Hello CSF fans, followers, and supporters! As the festival approaches, I was thinking about some of the awesome events we have going on just around the corner! Since this week’s theme is Earth and Nature, I was thinking about the Spider Superheroes event – an awesome, totally free event for Grades 1 to 4 at Harvard’s Museum of Natural History – all about spiders and the amazing things they can do. Spiders are a special type of animal called an Arachnid that has eight jointed legs and lives mostly on land. They have inhabited Earth, as far as we know, for about 130 million years — hundreds of millions of years before dinosaurs. They are carnivores, and detect their prey with the small hairs on their legs and body. Their sense of touch is exquisite, and probably the inspiration for Spiderman’s “Spidey Sense”. Most spiders catch their prey by spinning… Read More

Curiosity Challenge: How Do Bones Heal When They Break?

By Paola Salazar So, how do bones heal when they break? I’m actually super excited you asked! Bone healing is very fascinating stuff. When you break a bone, as soon as it happens, your body starts working up a storm to fix it. The first in the line of duty is your blood: it begins to cluster around the location of the break and forms a blood clot, where cells called phagocytes then begin cleaning the area of any unwanted bacteria and germs that may have gotten in through the break and injury. This all happens in the first few hours after the injury. After a few days or 2-3 weeks, a soft callus made by cells known as chondroblasts forms around the site of injury. Towards the end of the 2nd week, a harder callus gets formed by osteoblasts, cells that actually create new bone material. The last team… Read More

Curiosity Challenge: How does a digital camera take and save photos?

Via www.udemy.com “I am curious how pictures are taken and saved.”  –Jameson Gannon, 14 It’s hard to imagine a world without digital cameras.  While some die-hard photographers still insist that old-fashioned chemically-reactive film produces better photographs, it’s hard to argue against digital cameras’ ease of use and convenience.  Turning that gorgeous sunset or that sumptuous-looking meal that your eyes see into a picture file to share with your friends?  It’s a pretty remarkable feat!  It also takes more steps than you’d expect. Your Selfie is Made of Electrons To break this process down, let’s think about what makes an “image” to begin with.   Grass is green because it reflects the green wavelength of light.  Via Okidata.com. Visible light waves are hitting objects, the object’s electrons are absorbing some light frequencies and reflecting others, and these reflected light waves are interpreted by our eyes (or our cameras) as different colors based… Read More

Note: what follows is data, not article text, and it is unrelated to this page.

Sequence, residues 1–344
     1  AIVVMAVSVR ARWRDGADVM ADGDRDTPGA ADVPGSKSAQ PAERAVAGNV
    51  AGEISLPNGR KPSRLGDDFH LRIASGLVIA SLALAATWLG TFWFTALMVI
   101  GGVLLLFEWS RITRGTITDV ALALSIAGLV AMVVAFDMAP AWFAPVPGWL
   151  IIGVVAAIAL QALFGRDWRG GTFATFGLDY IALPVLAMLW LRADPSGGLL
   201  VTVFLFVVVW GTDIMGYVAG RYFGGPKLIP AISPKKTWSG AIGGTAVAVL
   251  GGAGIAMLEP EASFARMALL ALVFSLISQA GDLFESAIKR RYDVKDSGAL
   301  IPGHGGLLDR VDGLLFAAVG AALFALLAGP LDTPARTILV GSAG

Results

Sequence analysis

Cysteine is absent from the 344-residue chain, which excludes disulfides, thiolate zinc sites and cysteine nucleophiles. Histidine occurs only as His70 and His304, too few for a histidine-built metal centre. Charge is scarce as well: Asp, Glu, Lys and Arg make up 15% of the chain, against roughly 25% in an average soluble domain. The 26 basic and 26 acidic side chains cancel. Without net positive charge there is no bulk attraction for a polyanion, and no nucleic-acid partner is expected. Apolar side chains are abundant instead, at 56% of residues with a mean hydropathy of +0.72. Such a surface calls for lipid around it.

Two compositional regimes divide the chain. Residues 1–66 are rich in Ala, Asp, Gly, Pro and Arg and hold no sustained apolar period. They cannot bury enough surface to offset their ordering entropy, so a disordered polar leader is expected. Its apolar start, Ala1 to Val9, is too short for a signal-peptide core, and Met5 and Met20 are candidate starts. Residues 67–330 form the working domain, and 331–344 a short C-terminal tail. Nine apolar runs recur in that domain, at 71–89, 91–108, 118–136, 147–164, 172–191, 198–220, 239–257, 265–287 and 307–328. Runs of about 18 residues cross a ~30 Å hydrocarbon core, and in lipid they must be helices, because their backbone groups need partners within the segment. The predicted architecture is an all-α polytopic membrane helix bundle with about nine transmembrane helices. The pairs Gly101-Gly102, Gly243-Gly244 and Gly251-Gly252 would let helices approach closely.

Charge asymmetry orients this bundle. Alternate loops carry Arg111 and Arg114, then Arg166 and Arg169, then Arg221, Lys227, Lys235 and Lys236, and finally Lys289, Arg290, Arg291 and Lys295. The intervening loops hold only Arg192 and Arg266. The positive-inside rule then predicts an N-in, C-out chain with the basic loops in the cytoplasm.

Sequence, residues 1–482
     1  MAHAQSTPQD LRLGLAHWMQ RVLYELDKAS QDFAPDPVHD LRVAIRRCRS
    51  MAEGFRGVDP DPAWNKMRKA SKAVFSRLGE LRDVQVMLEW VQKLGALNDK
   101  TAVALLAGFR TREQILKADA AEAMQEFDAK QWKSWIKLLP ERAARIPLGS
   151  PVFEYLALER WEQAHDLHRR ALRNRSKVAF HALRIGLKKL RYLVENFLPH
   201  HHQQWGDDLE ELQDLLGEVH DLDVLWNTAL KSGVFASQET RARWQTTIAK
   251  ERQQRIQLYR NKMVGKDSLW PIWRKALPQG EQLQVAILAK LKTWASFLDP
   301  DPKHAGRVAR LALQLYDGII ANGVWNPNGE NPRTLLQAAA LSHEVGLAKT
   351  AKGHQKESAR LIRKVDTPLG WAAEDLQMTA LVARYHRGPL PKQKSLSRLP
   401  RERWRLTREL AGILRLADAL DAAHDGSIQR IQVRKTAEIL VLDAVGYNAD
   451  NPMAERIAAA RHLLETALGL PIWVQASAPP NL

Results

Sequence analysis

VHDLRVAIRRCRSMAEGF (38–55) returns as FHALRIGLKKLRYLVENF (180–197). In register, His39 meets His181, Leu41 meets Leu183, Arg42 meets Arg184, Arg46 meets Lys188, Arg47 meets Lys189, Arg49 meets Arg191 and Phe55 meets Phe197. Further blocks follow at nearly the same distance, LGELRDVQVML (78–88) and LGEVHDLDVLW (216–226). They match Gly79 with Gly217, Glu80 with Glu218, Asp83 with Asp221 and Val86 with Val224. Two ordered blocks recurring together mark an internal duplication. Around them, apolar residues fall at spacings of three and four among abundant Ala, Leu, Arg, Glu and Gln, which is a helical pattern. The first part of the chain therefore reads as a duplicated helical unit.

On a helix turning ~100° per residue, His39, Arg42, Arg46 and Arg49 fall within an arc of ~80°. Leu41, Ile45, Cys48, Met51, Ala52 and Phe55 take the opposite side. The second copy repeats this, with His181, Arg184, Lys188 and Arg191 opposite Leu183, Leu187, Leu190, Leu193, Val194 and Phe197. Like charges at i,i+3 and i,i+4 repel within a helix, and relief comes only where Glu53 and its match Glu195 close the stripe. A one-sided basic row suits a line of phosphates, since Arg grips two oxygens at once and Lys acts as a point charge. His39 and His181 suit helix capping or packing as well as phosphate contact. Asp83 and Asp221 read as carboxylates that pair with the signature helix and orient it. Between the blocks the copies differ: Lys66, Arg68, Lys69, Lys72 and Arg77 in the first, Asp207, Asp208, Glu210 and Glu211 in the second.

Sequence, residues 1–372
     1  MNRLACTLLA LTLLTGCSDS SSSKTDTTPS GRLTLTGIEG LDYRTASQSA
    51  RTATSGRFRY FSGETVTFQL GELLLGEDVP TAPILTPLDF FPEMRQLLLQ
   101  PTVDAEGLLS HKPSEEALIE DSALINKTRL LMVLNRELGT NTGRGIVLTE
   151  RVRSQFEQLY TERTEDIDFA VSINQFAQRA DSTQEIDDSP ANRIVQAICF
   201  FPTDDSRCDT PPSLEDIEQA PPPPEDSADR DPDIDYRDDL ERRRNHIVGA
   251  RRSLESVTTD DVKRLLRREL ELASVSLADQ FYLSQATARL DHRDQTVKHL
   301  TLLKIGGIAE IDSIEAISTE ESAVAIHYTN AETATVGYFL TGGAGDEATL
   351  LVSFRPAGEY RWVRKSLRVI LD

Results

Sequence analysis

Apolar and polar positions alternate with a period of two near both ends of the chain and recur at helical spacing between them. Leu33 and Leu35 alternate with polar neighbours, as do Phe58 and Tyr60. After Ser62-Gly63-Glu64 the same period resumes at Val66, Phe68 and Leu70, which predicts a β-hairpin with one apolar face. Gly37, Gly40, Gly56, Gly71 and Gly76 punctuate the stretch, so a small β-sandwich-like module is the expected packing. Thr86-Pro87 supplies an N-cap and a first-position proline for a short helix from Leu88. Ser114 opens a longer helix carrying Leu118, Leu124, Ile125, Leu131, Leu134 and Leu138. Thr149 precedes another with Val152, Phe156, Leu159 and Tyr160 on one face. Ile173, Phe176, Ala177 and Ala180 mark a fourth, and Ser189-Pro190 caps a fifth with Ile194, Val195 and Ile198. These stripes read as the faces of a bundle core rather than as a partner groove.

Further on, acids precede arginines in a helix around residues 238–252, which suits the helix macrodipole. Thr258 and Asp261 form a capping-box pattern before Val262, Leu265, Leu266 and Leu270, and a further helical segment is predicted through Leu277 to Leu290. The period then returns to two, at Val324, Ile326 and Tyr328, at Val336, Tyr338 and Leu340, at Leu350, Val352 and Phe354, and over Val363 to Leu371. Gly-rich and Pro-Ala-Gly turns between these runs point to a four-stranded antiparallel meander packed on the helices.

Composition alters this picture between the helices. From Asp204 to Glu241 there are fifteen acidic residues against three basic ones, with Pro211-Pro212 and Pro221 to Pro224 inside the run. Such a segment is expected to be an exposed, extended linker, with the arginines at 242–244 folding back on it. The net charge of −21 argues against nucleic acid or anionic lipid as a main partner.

Get Outside with the CSF! Nature Events for All Ages

As the weather gets warmer and the year’s first flowers peep out of the ground, most of us who work and study inside find ourselves increasingly distracted by the sunny precursors to spring we glimpse on the other side of our windows.  Fortunately, the Cambridge Science Festival features several activities to help us get outside, soak up some of those sunbeams, and learn about the natural world that encompasses the Boston area! Friday, April 15th Sidewalk Astronomy, 8:00pm – 10:30pm The natural world can be observed even in the middle of the city… if you know how and where to look. Join the star enthusiasts of Boston Astronomy to take a look at Jupiter, star clusters, and the moon–right in the middle of Harvard Square! Meet at Deguglielmo Plaza, Harvard Square, in front of 27 Brattle Street, Cambridge Check for weather cancellations and updates at www.bostonastronomy.net.  Free!   A telescope… Read More

Curiosity Challenge: Hieroglyphs!

By Paola Salazar Long before we had most of our modern written and spoken languages, humanity’s earliest civilizations began writing in more simple terms—usually, this consisted of shapes and drawings as well as dashes or circles to represent numbers. There are several ancient forms of this, but one of the most renowned is the Egyptian hieroglyph, or mdju netjer, meaning “words of the gods.” Interestingly enough, while writing is pretty widespread across different cultures and social classes nowadays, hieroglyphs started off 3,300 years ago as a way to keep record of their nobility’s belongings, property, and domains, as well as religious and other important information. Eventually, the language got much more complicated, resulting in more than 700 individual signs! Hieroglyphswere mostly used to along the walls of temples and monuments, with one of two other forms of writing being used elsewhere or later in time—Hieratic (sort of like cursive, and… Read More